Keeping the teeth engaged at all times is vital. If a tooth jumps out of position then this is called ‘ratcheting’ (some people might use stronger language when this happens!). It is normal for the belt teeth to try to escape from the adjacent teeth in the pulley – when this happens the belt tension increases, which pushes the teeth back together, but this can lead to long lasting damage of the tension cords inside the belt. Complete slippage of the belt teeth out of the pulley teeth usually happens because either the tooth engagement is poor, or because of lack of belt tension.

The profile of the teeth is an important factor for the performance of the timing belt, and there are generally three categories for the profile – trapezoidal, curvilinear or modified curvilinear. Curvilinear profiled belts are sometimes called High Torque Drive (HTD), and modified curvilinear profiled belts are often called Super Torque Drive (STD), S-type Tooth Profile Dual-sided (STPD) or GT.

Belt Tooth Profiles

Tooth Profiles

The trapezoidal profile is the oldest of the three, introduced over 80 years ago. The shape of the profile is a trapezium, with straight flanks that are angled inwards towards the tip of the tooth. When the teeth revolve around the pulley, these flanks create an involute curve that matches the involute tooth profile on the pulley.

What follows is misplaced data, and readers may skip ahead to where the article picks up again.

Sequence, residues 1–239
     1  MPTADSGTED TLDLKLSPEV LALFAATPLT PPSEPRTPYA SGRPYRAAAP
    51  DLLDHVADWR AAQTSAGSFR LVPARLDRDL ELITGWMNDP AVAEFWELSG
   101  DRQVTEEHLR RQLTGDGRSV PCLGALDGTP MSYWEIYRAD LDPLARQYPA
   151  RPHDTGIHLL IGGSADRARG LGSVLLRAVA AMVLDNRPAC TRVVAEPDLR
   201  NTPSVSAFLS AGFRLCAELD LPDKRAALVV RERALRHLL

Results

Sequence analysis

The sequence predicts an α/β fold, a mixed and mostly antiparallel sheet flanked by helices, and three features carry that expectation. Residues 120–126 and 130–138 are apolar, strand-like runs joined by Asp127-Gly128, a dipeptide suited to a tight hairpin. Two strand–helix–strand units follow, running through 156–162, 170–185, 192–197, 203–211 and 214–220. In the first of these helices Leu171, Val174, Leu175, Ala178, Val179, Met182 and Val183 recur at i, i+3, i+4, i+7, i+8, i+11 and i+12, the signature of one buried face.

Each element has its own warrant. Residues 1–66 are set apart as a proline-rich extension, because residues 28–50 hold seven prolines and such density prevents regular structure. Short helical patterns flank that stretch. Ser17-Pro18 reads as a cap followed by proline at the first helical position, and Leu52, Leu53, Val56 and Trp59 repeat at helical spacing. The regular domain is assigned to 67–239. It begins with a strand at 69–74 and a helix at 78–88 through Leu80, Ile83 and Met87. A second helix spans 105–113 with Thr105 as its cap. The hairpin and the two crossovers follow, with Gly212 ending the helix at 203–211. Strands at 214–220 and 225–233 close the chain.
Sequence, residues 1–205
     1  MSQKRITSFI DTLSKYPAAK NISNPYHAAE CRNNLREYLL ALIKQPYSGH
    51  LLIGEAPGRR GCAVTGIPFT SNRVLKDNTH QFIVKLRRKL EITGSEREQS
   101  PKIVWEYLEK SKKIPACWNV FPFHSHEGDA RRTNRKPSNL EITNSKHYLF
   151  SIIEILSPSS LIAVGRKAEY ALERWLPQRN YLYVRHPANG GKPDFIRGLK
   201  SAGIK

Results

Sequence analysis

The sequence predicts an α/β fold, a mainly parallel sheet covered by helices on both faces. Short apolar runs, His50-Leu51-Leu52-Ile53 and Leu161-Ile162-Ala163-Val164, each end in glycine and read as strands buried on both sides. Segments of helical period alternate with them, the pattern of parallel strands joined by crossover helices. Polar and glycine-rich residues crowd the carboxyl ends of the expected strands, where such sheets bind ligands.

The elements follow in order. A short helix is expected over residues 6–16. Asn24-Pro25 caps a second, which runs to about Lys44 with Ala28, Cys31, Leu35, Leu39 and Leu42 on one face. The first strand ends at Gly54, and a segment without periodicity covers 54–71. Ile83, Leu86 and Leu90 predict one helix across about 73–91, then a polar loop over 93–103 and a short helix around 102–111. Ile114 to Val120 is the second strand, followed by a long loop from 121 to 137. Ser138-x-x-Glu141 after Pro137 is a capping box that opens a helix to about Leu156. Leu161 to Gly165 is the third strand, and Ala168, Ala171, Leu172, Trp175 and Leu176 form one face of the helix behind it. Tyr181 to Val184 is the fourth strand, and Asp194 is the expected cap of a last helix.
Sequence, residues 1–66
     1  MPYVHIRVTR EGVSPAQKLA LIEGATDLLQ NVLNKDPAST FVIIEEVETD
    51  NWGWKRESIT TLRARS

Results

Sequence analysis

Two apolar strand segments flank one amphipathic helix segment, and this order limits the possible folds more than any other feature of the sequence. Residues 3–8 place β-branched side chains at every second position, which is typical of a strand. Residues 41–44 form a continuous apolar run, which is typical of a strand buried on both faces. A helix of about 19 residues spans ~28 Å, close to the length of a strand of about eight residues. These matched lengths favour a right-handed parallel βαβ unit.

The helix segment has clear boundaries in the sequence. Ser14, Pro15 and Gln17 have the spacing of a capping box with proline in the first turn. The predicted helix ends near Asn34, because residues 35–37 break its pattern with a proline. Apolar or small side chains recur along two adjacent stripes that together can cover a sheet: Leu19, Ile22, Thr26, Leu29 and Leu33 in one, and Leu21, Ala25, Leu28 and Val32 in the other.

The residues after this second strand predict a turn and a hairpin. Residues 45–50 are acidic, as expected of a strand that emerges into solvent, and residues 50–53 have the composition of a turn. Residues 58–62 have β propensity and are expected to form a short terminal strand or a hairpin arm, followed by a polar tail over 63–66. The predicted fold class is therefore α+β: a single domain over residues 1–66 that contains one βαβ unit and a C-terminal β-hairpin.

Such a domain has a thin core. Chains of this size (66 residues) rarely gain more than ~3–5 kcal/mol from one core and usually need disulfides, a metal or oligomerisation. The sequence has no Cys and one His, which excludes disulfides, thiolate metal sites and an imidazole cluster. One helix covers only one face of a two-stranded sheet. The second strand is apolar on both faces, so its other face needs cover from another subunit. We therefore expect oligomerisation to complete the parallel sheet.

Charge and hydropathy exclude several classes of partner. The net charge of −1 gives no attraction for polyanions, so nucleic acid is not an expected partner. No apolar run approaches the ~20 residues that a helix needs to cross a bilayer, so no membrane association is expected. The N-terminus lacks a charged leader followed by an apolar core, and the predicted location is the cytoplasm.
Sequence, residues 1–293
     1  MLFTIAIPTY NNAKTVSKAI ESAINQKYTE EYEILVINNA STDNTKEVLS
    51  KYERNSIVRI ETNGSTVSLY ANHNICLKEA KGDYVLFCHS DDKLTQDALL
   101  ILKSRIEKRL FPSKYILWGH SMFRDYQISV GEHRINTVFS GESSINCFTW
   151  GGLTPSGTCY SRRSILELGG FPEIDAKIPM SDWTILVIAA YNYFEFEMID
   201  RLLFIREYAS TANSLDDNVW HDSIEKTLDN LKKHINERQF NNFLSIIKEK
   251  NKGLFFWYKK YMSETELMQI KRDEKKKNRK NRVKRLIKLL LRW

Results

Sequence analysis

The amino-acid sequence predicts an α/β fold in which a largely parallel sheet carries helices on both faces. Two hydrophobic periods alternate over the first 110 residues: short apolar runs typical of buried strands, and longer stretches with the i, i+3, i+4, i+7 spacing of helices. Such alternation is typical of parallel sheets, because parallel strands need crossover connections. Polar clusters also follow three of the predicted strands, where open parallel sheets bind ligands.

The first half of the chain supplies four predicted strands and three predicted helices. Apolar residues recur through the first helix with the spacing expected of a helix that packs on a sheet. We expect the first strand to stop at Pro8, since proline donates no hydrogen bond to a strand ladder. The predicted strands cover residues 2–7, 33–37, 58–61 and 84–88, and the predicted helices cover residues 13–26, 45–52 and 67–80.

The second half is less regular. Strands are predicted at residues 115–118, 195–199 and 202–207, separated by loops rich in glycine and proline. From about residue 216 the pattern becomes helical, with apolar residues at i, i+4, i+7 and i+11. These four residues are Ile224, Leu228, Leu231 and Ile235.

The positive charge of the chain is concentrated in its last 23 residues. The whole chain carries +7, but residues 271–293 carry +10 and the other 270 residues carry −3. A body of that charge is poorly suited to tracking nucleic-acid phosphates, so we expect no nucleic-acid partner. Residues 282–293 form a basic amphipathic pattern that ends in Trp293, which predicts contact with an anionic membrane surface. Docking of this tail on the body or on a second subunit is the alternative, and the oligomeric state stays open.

One disadvantage with the trapezoidal tool profile is that it has sharp corners at the root of the tooth, and this can create high stress concentrations that can weaken the belt. To overcome this, the curvilinear has fully radiused corners, which helps to even out the stresses. Also, the curvilinear tooth profile is taller than the trapezoidal profile, making it more difficult for the teeth to jump out of position and also giving a larger contact area, which in turn helps to reduce both stress and noise.

The last of these three profiles, modified curvilinear, is today the most popular type with timing belt manufacturers. As the name suggests, this profile is based on the curvilinear profile, but has a shallower tooth height along with an increase in flank angle. These changes help to give the modified curvilinear profile the ability to withstand higher amounts of torque.

Cosworth Engine Belts

Want more information on the belts that we stock for Cosworth engines? Then get in touch via our contacts page.

Turn your volume up to 11 and sit back and enjoy 90 seconds of pure, unadulterated noise in this Cosworth Formula 1 engine test as a CA2010 engine is pushed through its paces on Cosworth’s transient dyno at speeds of up to 18,500 rpm.

The Cosworth CA engine represented a pinnacle in the design of high-speed naturally aspirated engines for Formula 1 racing. Calling on over 50 years of experience that dated back to the legendary DFV, Cosworth created their most ground-breaking engine ever.

Sadly, in 2010 the engine speeds were restricted by regulation to 18,500 rpm, but that didn’t stop the cars of that era sounding amazing.